Even if you have not yet seen the film, you have almost certainly seen some of the memes popping up everywhere of Sandra Bullock blindfolded, or perhaps some of the “Bird Box Challenge” videos of people trying to do random tasks while blindfolded – a “challenge” which Netflix has since put out disclaimer & warning tweets urging their fans Not to attempt. Either way, this Netflix original thriller pairs some familiar ideas with some creative twists, a couple of cute kids Bullock’s character affectionately names ‘Boy’ & ‘Girl’, and some monsters that are LITERALLY too scary to look at!
Sandra Bullock’s strong performance as Malorie, (a.k.a. best post-apocalypse-mother-ever), grounds this movie in the way it needed to be in order to prevent its more outlandish aspects from making this whole thing seem ridiculous. Despite John Malkovich leaning heavily on his typical acting choice to play his character as John Malkovich – something I’m personally a fan of anyway – they gave him just enough scenes to be enjoyable without becoming annoying. The two child actors appeared to be so young that I found myself surprised by how well they played their roles while remaining ridiculously adorable. Trevante Rhodes and Danielle Macdonald both do a wonderful job in their respective roles as companions to Malorie, but the rest of the cast left some things to be desired.
A big subject presented and discussed throughout the movie is the decision of whether or not people should help each other in times of extreme crisis, the potential good and bad repercussions either choice can have for our physical and emotional well-being, as well as what those choices can mean for an individual’s own humanity. At the beginning of the film, I felt like some of the death scenes were a bit more graphic than they needed to be. However, I came to realize they were shown so gruesomely in order for the audience to get a better understanding of how dire and dark this world was becoming. Those early scenes help viewers to more easily sympathize with the particular parenting style of the Malorie we see in the latter part of the story’s timeline.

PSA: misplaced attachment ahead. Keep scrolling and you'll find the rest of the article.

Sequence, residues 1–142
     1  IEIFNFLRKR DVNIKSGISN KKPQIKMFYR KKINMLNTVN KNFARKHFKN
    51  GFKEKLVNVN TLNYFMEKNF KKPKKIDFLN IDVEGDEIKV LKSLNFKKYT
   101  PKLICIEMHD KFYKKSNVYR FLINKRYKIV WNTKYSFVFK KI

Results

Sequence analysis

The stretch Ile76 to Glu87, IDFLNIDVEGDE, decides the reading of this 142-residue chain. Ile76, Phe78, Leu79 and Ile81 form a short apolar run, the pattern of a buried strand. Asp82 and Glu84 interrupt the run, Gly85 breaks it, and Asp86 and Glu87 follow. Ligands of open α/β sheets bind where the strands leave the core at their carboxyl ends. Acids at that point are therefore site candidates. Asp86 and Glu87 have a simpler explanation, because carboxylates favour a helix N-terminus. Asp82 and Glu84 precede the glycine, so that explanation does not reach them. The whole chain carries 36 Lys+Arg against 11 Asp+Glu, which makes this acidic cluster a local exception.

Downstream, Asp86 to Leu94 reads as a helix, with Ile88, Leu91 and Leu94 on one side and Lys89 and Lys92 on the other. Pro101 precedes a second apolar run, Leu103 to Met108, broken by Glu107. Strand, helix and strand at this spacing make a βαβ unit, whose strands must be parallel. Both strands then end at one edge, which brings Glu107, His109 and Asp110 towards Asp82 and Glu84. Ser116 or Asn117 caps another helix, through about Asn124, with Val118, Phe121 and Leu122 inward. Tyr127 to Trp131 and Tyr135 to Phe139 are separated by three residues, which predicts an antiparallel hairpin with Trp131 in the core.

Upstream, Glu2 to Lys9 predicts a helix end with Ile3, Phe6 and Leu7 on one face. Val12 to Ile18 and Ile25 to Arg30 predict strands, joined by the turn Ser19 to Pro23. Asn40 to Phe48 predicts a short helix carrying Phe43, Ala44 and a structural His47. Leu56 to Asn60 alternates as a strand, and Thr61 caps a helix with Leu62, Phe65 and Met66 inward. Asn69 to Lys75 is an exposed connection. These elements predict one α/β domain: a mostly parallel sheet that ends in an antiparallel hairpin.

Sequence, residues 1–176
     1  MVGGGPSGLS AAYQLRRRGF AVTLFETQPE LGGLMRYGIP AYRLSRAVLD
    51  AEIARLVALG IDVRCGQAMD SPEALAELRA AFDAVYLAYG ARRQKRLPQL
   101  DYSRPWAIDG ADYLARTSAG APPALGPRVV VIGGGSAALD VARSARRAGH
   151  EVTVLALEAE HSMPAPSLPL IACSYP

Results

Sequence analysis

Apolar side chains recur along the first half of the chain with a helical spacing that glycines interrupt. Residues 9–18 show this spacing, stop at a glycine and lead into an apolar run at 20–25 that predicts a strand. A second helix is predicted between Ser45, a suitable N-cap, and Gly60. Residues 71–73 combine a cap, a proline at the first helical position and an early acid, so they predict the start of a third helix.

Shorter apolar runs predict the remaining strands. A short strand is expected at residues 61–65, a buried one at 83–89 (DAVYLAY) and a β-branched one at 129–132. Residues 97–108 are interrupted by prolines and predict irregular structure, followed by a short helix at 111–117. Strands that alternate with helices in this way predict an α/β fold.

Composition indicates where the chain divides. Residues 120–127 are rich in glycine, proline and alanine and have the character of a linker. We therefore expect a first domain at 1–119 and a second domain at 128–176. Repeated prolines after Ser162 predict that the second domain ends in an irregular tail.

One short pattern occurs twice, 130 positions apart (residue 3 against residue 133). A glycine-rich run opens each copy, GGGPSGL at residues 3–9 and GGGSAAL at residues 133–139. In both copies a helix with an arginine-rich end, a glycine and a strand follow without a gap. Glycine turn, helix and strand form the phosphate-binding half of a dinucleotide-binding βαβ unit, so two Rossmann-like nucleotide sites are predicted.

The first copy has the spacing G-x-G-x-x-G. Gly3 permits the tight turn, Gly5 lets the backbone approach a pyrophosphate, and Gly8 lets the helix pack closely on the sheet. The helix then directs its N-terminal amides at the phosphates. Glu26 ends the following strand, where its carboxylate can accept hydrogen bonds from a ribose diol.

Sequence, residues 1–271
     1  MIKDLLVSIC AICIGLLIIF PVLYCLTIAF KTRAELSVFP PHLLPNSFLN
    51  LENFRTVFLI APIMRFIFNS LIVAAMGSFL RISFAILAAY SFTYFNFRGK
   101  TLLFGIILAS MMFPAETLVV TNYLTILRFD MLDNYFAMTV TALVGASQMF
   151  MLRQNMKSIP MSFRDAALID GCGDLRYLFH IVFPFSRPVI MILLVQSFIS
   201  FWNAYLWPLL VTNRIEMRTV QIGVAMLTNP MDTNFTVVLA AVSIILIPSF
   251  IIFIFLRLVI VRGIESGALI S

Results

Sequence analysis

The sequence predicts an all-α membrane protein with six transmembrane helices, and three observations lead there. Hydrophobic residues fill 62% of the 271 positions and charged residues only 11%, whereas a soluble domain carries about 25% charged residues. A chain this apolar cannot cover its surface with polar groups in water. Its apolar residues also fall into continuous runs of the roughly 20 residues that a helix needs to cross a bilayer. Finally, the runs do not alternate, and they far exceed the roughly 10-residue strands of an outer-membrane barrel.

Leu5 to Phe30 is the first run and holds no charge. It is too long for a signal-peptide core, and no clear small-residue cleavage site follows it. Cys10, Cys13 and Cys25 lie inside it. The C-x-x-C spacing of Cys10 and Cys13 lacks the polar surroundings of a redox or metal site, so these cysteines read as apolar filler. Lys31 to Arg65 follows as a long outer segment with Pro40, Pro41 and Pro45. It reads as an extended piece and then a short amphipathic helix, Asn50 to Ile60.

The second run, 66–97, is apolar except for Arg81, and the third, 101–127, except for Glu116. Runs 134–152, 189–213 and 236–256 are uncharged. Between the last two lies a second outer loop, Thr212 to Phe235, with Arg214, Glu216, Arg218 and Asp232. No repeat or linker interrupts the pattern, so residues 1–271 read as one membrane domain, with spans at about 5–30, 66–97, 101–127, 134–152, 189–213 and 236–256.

The score is by Trent Reznor & Atticus Ross, a duo who have worked together many times, and created a sound for Bird Box that worked very well with the tone and suspenseful moments of the movie. But, overall, it is forgettable and there were multiple points that probably could have been even more chilling if they weren’t accompanied by any track at all.
While the basic premise of the film is extremely similar to a flop that came out ten years before it, Bird Box rises far above that picture because it tells a story of dynamic characters, thoroughly develops the lead’s growth through compelling events, while also exploring more broad, underlining themes of motherhood and our humanity. I found the weak point of this film to be its conclusion. Without spoiling things, I’ll clarify that I’m not referring to Malorie’s growth as a mother in the final act of the film since that was fantastic and made me tear up a bit. My complaint is in regards to what happens after that: I didn’t find it especially creative, climactic, nor even a very well-fleshed out idea.
Bird Box really plays on the concept that seeing the creatures can drive someone to suicide, never giving us any more than a deranged man’s drawings of what the creatures may actually look like. While I understand how some may be annoyed by this, the overall suspense is increased greatly by this cinematic tactic in a way that reminds me of the anticipation built by not really seeing the shark’s body for a majority of the original Jaws film. Similar to the dorsal fin peeking above the water, the various signs that allowed us to be aware of the Bird Box creatures’ presence without actually seeing them – their large looming shadows, the warning reactions from birds, the way leaves and grass would levitate as they moved near them, etc. –build anxiety and somehow make the creatures even more terrifying. If memory serves me right, almost all of the horror is built up slowly, via anticipation, with almost zero jump scares throughout the film.
Netflix and director, Susanne Bier, made a movie very similar to M. Night Shyamalan’s 2008 thriller, The Happening. And I know this isn’t saying a lot, but Bier’s film is significantly better. While Sandra Bullock absolutely kills it in this movie, and several of her costars play their parts very well, there were a few performances too subpar for me to completely ignore. So long as you’re in the mood for suspense, and don’t let the wild popularity of the memes get your hopes up for something truly revolutionary, you’re going to enjoy taking a peek at this one!